The advent of the “rainbow nation” was an idea coined by Desmond Tutu to ensure stability and cohesion among the diverse people in South Africa. With the advent of democracy, there was a promise from the newly elected ANC government to correct the imbalances of Apartheid and create an inclusive society where all citizens had equal opportunities and freedom.
The constitution of South Africa was established in 1996 and is one of the most revered documents of rights and law in the world. It carves out the rights afforded to all citizens who live in South Africa as it says, “South Africa belongs to all who live in it.” But some people have more rights than others and racism still simmers at the core of the nation’s identity with the vast numbers of non-white people who still live in poverty.
The Rainbow Nation myth
What were the flaws then of this rainbow nation ideology? Was it just an idea without actual action?
Horst Kleinschmidt is an anti-apartheid stalwart who was detained under apartheid laws and eventually forced into exile. He said that when South Africa transitioned to democracy the foundations for what the new South Africa would look like were not strong enough.
“There is implicit in the challenge from the younger generation something that says you didn’t push the boundaries far when change came and of course some of us stand accused of that. We were part of a structure that I think failed in breaking the model that existed for the South Africa and it’s haunting us already,” said Kleinschmidt.
Christienne Julius, collections manager at the District Six Museum says that Apartheid was a system of separation and that the Rainbow Nation idea validated these separations.
“The idea of the rainbow nation is very problematic because it’s basically an idea that those racial classification still exist, that we are separate but together.”
Julius runs workshops involving different generations of people who lived in District Six, before the classifications act and during the time when Apartheid systems came into law. She explains the differences between older generations of District Six residents versus the younger District Six generation.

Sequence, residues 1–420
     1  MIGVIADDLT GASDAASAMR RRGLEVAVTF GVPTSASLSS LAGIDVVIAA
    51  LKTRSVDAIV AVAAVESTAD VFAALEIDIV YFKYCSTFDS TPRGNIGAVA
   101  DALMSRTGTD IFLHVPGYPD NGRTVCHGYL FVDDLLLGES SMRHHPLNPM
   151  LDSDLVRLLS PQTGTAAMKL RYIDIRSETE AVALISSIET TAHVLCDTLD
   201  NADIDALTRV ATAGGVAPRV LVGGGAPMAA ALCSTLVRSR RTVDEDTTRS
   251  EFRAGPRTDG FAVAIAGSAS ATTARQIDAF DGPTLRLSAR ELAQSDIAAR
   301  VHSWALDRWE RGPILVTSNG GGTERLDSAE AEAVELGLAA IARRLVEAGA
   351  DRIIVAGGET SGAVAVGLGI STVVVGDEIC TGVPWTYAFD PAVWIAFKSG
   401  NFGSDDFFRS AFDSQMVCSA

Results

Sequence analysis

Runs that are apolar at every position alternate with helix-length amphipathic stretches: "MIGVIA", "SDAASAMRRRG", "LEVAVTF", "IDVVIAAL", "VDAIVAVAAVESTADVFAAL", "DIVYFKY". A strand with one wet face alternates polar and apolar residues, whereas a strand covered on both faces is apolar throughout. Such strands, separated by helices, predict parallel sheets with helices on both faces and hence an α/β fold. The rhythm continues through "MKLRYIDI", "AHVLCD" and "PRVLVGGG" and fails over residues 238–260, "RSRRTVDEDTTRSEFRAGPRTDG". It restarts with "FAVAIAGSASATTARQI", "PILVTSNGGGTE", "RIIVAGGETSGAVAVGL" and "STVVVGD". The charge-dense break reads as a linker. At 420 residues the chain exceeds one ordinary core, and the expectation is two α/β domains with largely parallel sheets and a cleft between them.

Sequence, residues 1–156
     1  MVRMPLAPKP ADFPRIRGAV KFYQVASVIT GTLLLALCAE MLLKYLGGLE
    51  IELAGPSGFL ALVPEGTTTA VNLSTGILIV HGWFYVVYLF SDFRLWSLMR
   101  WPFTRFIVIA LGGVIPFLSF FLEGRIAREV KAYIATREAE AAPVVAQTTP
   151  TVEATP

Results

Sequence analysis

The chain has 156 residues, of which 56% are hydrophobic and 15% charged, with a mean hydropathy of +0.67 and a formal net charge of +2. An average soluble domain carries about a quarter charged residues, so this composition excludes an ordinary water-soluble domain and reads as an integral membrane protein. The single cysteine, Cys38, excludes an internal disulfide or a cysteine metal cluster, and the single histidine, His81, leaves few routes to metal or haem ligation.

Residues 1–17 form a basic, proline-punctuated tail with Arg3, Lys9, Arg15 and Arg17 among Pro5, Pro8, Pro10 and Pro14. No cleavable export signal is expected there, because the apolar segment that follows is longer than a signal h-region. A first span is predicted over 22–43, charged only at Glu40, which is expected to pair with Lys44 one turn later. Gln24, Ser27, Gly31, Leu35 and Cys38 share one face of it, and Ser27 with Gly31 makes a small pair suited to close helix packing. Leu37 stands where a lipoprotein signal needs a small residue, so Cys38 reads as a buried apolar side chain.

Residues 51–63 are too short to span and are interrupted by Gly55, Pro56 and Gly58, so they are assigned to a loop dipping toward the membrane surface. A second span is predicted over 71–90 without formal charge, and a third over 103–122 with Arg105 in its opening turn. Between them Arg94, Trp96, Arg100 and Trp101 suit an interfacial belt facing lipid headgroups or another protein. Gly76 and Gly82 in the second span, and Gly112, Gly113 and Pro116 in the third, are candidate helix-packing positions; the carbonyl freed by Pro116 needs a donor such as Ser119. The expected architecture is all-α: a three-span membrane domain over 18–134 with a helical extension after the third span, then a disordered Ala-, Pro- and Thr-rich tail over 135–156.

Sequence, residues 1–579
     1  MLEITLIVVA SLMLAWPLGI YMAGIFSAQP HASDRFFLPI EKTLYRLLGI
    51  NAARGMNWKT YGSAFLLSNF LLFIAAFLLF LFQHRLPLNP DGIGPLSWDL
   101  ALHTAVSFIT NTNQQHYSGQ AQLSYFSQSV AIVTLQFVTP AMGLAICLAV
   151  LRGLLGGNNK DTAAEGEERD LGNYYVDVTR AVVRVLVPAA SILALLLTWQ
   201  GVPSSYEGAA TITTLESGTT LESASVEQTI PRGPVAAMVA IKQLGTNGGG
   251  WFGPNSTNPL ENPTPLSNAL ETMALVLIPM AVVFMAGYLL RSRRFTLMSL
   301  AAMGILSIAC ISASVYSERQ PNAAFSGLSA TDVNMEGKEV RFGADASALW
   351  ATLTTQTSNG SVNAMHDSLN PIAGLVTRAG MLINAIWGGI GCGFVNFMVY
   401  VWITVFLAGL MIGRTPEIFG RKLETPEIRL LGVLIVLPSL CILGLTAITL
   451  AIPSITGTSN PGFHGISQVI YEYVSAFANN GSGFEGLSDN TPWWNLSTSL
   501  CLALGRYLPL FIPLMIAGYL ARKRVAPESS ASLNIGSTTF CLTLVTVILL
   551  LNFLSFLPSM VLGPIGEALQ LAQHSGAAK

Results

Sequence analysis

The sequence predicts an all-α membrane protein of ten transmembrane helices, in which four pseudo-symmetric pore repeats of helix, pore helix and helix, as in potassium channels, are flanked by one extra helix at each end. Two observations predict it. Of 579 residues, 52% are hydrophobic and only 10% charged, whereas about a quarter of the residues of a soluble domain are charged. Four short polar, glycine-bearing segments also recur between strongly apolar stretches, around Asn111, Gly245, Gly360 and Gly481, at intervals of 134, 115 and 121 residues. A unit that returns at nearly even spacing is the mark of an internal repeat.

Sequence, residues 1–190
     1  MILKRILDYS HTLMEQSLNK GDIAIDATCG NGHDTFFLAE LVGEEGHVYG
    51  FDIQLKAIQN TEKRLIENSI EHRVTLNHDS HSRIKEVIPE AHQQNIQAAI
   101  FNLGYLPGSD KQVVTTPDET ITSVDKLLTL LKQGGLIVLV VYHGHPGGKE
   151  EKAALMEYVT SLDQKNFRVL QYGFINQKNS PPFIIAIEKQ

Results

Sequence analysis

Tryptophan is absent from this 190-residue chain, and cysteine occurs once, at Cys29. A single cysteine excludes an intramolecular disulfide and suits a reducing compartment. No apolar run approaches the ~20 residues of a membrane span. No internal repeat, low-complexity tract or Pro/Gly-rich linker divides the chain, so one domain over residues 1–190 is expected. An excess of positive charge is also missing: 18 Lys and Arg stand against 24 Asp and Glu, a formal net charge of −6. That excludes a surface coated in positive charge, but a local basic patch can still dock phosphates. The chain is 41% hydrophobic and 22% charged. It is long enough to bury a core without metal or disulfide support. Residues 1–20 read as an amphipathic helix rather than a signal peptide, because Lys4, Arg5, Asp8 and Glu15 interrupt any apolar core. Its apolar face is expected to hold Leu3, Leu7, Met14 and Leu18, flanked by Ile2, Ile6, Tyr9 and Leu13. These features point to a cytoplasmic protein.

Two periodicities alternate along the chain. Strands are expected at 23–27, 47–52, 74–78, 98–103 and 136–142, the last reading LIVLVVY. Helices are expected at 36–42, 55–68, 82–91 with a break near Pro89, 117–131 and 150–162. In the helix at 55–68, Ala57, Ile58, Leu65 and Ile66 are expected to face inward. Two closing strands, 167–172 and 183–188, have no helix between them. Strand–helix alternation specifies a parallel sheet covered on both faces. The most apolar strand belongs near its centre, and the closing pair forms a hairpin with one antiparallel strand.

“When you speak to older generations of District Sixer’s, they don’t see colour to certain degree, they’ll speak about their neighbours who lived next to them, whether the neighbour was Afrikaner or African. They’ll speak about that person as being a District Sixer’s and people being a community and being in solidarity with each other.
“When you speak to younger generation of District Sixer’s, the ones who literally grew up during the 1970’s in District Six as the community was disappearing and who was very much part of the a system, after the racial classifications officially happened… they see colour more than the other generation. When you speak to those generations, it’s surprising because they are racist…”
According to Adrian Van Wyk, a Masters student at Stellenbosch university specialising in history, the rainbow nation ideology was a fallacy.
“There hasn’t been an active form, post 94 of re-imagining who we are as a country or what we are as a country. It was like these ideas were taken and boom, that’s the rainbow nation right there.”
Scars of apartheid
The Rainbow Nation ideology was indeed a filter, a filter to help people deal with living alongside one another with a past of great inequality and latent resentment. But the psychological effects of apartheid still remain. Kleinschmidt believes that to solve the inequality issue, citizens need to be more active in demanding for their rights.
“I believe it is my duty to make any people of good will to stand up and say that we want much more than merely the restitution processes that government announces and lacks the political will for, that the city has and lacks the political will for. We need to stand up again today and be ordinary citizens who support initiatives, where people claim their rights back.”
“We’ve all picked up the habit of seeing people through race and post ‘94 it feels like we’ve picked it up even more, so that people feel very comfortable talking about coloured people in a particular way or African people in a particular way but these are things we need to unlearn,” says Julius.
How do people unlearn what has been effectively institutionalized and systematically executed? Van Wyk said looking back to the past and re-imagining what the country was, is and wants to be, is imperative.
“We’ve got a violent past, it’s so abusive, it made people believe they were below human. Have we acknowledged this? Have we acknowledged the pain? Maybe our heritage is pain. But are we actively acknowledging our past? Okay we don’t like our past, let’s reimagine it! There is pain but there’s also triumph,” said Van Wyk.
It’s clear that heritage is more complex than food and culture, it deals with the past and the present and all the struggles in between. The rainbow nation ideology may have been problematic but it also deserves interrogation and systemic solutions. The country needs more solutions driven by work and implementation, rather than rhetoric. In essence, the Rainbow Nation ideology is not enough. VOC (Rafieka Williams)